The Niners are no longer in “training camp mode,” as Jim Harbaugh would say. They’re in a process of transitioning to regular-season mode.
But before we all change our modes, let’s relive the highlights of training camp.
Here are the five most interesting moments of Niner camp 2011:
- Harbaugh takes player reps. One minute he’s Coach, blowing his whistle and barking instructions at his players. But when he flips his hat to the back he’s Coach no longer. Sometimes he’s a quarterback. Sometimes he’s a tight end. Other times he’s a punter. The hyper-active coach can’t resist reliving his glory days at least once a day on the practice field. And some days, he really does look like the best quarterback on the team.
- Nate Byham tears his ACL. This was the first serious injury of training camp. Byham lept for a pass McLeod Bethel-Thompson threw high over his head, and he landed awkwardly on his leg and you could tell right away the injury was serious by how he screamed and pounded his fists against the grass. It happened 15 feet away from me. Jim Harbaugh didn’t pause practice at all for Byham. He blew his whistle and ran the team to the other end of the field, calling for fresh grass. Practice had to continue. Vernon Davis, who for the most part can do what he pleases on the practice field, ignored Harbaugh and knelt next to his fellow tight end until the training staff carted Byham off the field.
- Violence in blocking drills. The violence happens rarely because the coaches don’t want Niners hurting other Niners. But every few days Harbaugh ordered blocking drills, and they were as brutal as football gets. One morning the halfbacks and fullbacks had to take turns blocking blitzing linebackers, meaning they had to absorb full-speed hits from Patrick Willis and NaVorro Bowman. Each time there was a head-to-head collision. Frank Gore didn’t participate, but Kendall Hunter and Bruce Miller did, and both stood their ground at least a dozen times.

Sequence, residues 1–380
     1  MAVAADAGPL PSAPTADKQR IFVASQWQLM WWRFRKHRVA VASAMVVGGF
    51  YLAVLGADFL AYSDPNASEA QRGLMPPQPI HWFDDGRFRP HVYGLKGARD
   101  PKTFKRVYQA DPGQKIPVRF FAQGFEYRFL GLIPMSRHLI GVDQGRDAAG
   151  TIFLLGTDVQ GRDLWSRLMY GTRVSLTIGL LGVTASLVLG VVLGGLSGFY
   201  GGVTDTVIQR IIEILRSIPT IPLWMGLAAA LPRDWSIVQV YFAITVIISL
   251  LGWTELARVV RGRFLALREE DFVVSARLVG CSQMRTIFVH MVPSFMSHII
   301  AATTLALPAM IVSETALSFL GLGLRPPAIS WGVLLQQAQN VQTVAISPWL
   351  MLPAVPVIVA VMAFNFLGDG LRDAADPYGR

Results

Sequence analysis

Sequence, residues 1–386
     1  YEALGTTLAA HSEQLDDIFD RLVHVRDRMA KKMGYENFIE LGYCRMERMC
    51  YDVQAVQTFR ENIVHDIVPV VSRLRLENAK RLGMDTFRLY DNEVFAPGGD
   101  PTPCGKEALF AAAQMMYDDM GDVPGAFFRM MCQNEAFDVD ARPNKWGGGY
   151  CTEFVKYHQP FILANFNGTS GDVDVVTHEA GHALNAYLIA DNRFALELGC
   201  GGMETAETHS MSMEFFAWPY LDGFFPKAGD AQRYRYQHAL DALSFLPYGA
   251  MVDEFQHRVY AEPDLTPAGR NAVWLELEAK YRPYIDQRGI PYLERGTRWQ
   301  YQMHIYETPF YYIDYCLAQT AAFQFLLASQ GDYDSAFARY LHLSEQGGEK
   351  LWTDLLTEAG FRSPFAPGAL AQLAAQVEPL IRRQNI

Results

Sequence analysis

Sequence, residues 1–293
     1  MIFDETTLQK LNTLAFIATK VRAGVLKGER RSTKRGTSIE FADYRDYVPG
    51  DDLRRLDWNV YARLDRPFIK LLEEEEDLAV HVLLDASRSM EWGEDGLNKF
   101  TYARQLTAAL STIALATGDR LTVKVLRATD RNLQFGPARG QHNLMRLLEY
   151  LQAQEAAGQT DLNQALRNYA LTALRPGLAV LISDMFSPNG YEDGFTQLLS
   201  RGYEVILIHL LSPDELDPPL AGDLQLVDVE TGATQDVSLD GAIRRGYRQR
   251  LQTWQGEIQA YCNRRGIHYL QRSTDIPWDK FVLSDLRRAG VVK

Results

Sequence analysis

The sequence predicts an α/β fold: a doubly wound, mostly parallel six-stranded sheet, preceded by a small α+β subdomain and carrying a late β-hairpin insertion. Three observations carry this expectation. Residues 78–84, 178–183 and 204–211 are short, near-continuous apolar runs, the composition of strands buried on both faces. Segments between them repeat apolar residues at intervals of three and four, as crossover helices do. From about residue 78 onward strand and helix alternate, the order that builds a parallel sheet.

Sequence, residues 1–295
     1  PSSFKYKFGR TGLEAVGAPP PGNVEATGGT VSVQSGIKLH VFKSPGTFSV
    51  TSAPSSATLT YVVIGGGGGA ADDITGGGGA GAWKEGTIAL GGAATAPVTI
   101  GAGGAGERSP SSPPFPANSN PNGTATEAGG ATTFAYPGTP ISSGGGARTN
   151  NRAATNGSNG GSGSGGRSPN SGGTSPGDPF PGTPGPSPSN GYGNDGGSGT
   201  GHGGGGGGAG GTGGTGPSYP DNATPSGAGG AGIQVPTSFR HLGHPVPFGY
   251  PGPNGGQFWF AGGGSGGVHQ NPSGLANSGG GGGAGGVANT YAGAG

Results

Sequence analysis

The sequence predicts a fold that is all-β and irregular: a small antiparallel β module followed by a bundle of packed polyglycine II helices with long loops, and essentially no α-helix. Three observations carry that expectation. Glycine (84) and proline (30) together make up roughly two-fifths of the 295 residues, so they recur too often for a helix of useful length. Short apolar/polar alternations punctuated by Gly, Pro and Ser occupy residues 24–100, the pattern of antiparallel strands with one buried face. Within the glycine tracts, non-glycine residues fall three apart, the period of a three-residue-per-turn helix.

- The two fights. First, Aldon Smith hit Frank Gore helmet-to-helmet and Gore didn’t like the head shot, so he slapped the rookie across his face. Without hesitating, Smith slapped him back, and the whole team loved it. The defense mobbed Smith, and the offense gave Gore high fives. About a minute later, Smith and Gore high-fived each other. Aldon Smith didn’t show up Gore, but he held his ground, and both players maintained their honor. Anthony Dixon tried to show up Patrick Willis a few days later, and the defense made him pay for it. On one play Willis tackled Dixon near the sideline in front of fans. Dixon cracked Willis helmet-to-helmet on the way down, and after the tackle he jumped up and started whooping and hollering at Willis’ expense. This ticked off the defense, so for the rest of the day, whenever Dixon got a handoff they hit him extra hard. Justin Smith planted him on his back, and on the first play the next day, Willis tackled Dixon in the backfield, stripped the ball from him, and twisted his ankle. Dixon didn’t practice for a week after this. He no longer shows up Patrick Willis in practice.
- Baalke stops Crabtree from catching passes in practice. I was expecting to see very little in the 30 minutes Harbaugh allots for the media to watch warmups, because very little is what he wants to show, but all of a sudden on Monday there was Michael Crabtree catching passes. The appearance was so out of step with the organization’s new policy of top secrecy I wondered briefly if it was just a Crabtree look-alike on the field. Surely they didn’t want Michael Crabtree, who was still on the PUP list, to practice in front of the media, right? Then here comes Trent Baalke rushing onto the field. He whispers something to Crabtree and they walk off together. Hey, with a new coaching staff and the lockout-shortened off season, you can’t expect complete secrecy right away. It’s a process.
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